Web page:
Indiana is a leader in attracting manufacturing investment. This is important because of the employment, financial, and fiscal benefits that result from the establishment of new manufacturing facilities or the expansion of existing facilities. Indiana had .036 new manufacturing investments per 1,000 people over the 2004 to 2008 time period, more than all census divisions except the East South Central division of the United States (Table 1). This places the state eighth in the country for new manufacturing investments and well above the national rate of .02. While Indiana (.048) ties with North Carolina for thirteenth in terms of manufacturing expansions per 1,000 people, the state is again greater than the national .03 (Table 2).
Indiana attracted 225 new manufacturing investments between 2004 and 2008 (Table 1). This is 16 percent of the East North Central census division total, slightly more than the state’s regional population share (14%). The East North Central division’s 1,424 new investments account for 24 percent of investments in the United States over this time period. Ohio leads the division’s new investments over the five-year time period, followed by Michigan and Illinois. This follows a historical pattern for the region.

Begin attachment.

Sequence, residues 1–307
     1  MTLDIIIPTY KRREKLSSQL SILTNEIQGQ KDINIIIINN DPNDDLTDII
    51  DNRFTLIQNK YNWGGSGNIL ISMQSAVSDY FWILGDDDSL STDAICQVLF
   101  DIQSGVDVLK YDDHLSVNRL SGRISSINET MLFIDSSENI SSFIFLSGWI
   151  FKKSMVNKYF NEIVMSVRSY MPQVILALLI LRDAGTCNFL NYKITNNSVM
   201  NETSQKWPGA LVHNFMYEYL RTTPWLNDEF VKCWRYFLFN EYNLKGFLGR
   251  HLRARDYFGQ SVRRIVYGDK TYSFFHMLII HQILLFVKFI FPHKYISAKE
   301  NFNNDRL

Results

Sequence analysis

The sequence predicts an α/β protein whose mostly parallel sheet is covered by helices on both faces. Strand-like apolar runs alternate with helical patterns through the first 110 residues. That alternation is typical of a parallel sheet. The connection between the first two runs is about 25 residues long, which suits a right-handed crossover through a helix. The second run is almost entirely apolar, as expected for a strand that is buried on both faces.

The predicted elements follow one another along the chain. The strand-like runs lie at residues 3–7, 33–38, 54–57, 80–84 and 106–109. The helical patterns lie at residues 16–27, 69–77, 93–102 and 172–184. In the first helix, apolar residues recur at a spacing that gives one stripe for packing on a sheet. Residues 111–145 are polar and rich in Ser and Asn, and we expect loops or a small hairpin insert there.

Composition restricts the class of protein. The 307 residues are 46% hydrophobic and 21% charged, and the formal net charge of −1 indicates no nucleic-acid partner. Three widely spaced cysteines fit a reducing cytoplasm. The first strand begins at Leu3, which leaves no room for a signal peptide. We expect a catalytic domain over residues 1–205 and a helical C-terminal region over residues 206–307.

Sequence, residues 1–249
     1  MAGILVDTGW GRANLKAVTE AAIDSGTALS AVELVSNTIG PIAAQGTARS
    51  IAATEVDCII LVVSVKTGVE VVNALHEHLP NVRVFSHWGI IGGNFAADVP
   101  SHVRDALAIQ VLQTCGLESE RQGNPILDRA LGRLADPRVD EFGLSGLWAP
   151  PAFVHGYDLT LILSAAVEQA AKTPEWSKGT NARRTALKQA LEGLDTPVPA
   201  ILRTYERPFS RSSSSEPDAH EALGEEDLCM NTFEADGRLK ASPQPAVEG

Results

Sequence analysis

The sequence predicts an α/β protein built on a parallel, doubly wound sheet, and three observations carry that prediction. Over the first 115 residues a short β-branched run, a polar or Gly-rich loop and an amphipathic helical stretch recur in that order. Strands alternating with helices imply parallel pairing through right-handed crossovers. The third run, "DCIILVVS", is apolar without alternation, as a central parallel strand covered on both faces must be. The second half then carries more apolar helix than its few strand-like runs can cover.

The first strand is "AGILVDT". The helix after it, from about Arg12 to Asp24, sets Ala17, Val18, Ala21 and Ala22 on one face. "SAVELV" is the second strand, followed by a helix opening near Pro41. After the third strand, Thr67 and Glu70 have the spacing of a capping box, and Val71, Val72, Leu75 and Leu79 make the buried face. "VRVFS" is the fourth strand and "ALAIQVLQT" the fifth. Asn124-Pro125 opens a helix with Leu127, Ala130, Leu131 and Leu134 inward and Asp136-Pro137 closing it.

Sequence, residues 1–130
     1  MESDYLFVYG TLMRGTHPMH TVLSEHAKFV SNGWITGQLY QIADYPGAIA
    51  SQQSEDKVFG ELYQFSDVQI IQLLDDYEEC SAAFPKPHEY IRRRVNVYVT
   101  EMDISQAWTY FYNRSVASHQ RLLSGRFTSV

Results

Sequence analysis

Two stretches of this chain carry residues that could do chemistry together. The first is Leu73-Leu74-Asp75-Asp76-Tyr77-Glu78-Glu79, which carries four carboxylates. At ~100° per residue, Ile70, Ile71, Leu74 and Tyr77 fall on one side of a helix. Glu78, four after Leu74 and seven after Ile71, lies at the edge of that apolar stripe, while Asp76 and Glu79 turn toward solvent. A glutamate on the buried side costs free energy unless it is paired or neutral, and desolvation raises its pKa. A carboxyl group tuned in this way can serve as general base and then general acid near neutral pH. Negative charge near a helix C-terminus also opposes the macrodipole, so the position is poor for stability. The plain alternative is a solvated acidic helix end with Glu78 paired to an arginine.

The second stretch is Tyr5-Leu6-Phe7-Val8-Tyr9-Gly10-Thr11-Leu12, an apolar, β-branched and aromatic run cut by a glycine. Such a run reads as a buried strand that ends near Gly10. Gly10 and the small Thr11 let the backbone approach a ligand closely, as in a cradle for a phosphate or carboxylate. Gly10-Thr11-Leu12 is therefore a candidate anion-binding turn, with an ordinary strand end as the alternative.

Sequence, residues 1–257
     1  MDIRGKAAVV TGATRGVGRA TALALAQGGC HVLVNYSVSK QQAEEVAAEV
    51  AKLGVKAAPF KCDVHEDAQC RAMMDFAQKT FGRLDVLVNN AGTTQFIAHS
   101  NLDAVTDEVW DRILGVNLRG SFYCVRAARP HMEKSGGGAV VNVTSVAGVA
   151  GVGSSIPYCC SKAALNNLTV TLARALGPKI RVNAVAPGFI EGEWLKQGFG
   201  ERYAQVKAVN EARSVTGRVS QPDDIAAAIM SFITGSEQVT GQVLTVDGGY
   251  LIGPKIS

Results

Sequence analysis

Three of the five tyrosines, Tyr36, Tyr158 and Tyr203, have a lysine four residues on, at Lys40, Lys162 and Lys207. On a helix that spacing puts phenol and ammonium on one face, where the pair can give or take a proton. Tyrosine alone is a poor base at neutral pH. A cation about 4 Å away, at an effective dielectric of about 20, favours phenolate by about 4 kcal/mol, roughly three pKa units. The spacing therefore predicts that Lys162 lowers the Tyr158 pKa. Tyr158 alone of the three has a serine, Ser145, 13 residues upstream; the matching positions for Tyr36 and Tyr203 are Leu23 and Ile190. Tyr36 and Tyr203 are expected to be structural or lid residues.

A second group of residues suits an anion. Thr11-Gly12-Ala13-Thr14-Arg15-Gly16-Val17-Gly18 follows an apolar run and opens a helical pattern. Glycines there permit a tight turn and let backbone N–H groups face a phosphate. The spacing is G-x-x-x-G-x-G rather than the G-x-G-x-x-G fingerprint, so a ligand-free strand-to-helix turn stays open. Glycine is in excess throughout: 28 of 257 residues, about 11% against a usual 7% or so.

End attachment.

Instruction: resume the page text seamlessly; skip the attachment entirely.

Indiana had 305 manufacturing expansions from 2004 to 2008 (Table 2). This accounted for 13 percent of divisional growth. While this figure is slightly smaller than the state’s divisional population share, it is three percent of growth in the United States, larger than Indiana’s two percent national population share. From this analysis we find that, despite the shift from labor-based to capital intensive manufacturing, Indiana continues to attract more manufacturing investments than most of the United States. It is possible that this is due to policies that are already in place as well as the cost savings firms receive from locating near similar facilities or firms for which they provide products or from which they purchase inputs.*